Whenever a word or phrase bursts into the cultural zeitgeist, instead of embracing it, I have a tendency to resist. I do not “unpack” things, I talk about them. I never worry about “optics,” even when I am concerned about how something appears. And whenever someone tells me “it is what it is,” I still want to know what it is. For some reason, those groupthink phrases induce a slight tinge of obstinate belligerence inside me, which is to say, they make me “feel some type of way.”
I’d like to say the same thing about the word “normalize.”
When I hear people say that Trump has “normalized” racism, I want to remind them that underfunding of black schools, disproportionate police shootings, black underemployment, wage inequality and the disparities in the criminal justice system were prevalent long before the caucasian electorate selected an alt-right, feral, howler monkey as the president of the United States of White America.
Yet, people will point to the recent Quinnipiac University Poll that shows 49 percent of Americans believe Trump is racist. They will recall how he equivocated about “both sides” of the white supremacist melee in Charlottesville, Va. They will point to the surge in videos of people wearing new-millennium Klan hoods (“Make America Great Again” caps) loudly imploring black and brown people to go back to (insert country of origin here). His administration’s policy on immigration, foreign travel and affirmative action leave no doubt that Trump is unquestionably a bigot.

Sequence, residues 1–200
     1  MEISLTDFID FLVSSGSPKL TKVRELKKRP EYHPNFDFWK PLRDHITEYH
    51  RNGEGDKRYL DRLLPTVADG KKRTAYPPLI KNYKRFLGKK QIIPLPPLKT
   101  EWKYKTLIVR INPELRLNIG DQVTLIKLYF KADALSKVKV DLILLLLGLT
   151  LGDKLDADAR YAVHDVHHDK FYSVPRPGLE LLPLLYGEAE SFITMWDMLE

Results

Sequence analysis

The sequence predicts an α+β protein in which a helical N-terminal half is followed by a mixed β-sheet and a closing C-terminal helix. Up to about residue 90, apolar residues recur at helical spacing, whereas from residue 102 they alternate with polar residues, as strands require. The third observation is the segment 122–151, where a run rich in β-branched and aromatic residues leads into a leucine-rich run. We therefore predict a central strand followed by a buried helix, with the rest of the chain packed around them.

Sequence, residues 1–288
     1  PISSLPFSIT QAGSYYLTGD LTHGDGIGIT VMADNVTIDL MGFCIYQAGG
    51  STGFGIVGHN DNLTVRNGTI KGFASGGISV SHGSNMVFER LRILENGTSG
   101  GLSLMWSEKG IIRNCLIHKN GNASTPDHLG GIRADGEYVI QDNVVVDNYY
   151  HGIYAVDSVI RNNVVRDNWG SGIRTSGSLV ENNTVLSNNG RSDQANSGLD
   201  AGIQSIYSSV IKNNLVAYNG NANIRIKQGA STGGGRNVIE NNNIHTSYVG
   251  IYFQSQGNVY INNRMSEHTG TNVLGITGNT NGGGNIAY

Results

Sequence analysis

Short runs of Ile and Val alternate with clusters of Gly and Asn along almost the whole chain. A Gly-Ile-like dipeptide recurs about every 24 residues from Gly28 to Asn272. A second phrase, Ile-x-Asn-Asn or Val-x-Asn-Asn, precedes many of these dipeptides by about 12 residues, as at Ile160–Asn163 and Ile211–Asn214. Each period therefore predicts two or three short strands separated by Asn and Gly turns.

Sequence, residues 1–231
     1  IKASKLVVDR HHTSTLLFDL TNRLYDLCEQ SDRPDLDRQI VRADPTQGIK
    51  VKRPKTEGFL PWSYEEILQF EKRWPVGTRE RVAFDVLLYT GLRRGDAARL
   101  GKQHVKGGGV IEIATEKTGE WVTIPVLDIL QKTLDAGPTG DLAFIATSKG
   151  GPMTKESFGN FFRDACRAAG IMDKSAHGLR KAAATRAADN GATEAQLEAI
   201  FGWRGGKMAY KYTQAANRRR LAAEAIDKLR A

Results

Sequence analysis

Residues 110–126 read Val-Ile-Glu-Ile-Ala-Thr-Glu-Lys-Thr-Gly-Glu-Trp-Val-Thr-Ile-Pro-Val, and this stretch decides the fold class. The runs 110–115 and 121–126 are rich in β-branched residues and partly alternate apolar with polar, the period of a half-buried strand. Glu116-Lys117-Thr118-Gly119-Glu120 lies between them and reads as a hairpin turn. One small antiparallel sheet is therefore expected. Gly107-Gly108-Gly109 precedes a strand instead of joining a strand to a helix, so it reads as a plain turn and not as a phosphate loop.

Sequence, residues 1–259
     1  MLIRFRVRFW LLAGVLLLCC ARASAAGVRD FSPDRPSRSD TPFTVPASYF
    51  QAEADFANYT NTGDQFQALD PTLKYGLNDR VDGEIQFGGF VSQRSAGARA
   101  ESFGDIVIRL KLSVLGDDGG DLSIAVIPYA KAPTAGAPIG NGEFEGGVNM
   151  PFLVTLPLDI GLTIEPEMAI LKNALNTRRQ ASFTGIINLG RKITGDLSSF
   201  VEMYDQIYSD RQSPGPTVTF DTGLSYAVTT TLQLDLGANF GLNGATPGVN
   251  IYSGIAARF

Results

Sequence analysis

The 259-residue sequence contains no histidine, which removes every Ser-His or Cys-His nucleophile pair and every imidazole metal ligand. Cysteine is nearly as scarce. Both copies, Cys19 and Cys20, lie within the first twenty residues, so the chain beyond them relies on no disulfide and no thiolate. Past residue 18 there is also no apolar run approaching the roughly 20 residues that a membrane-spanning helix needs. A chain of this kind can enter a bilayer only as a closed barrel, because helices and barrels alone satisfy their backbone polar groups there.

But is he making white people more racist?
We’ve heard the bait-and-switch “normalizing” arguments before. Rap music normalized sexism and violence. Beyoncé normalized female sexuality, causing teen pregnancy. Black Lives Matter normalized hate against police officers. Video games, movies, abortion and the insidiously overwhelming number of doors in our educational institutions have normalized gun violence and created the recent uptick in school shootings.
We know better.
We aren’t dumb enough to believe that a stable teenager played Grand Theft Auto one afternoon and decided to go kill everyone in his social studies class. The Beyhive newsletter doesn’t tell 16-year-olds that condoms are evil. Contrary to what they say about the influence of rap music, even among people who listen to “Bodak Yellow,” the percentage of people who eschewed dancing in favor of making “money moves” is very low in the black community.
And, as far and Donald Trump is concerned, white people aren’t watching his press conferences and saying to themselves, “You know what? I was in favor of equality and justice, but after listening to Trump’s string of non-sequiturs, I think I might want to try this racism thing.”
America has always been this way.
There have always been employers who quietly tossed out resumes with black-sounding names. White nationalist organizations have been around for years. People have been whispering among themselves about Spanish-speaking immigrants, Muslims mosques and black people moving into their neighborhoods since time immemorial. The hate has always been embedded in their hearts and hidden behind their smiles. Political correctness and social decorum simply made outright racism unacceptable over time.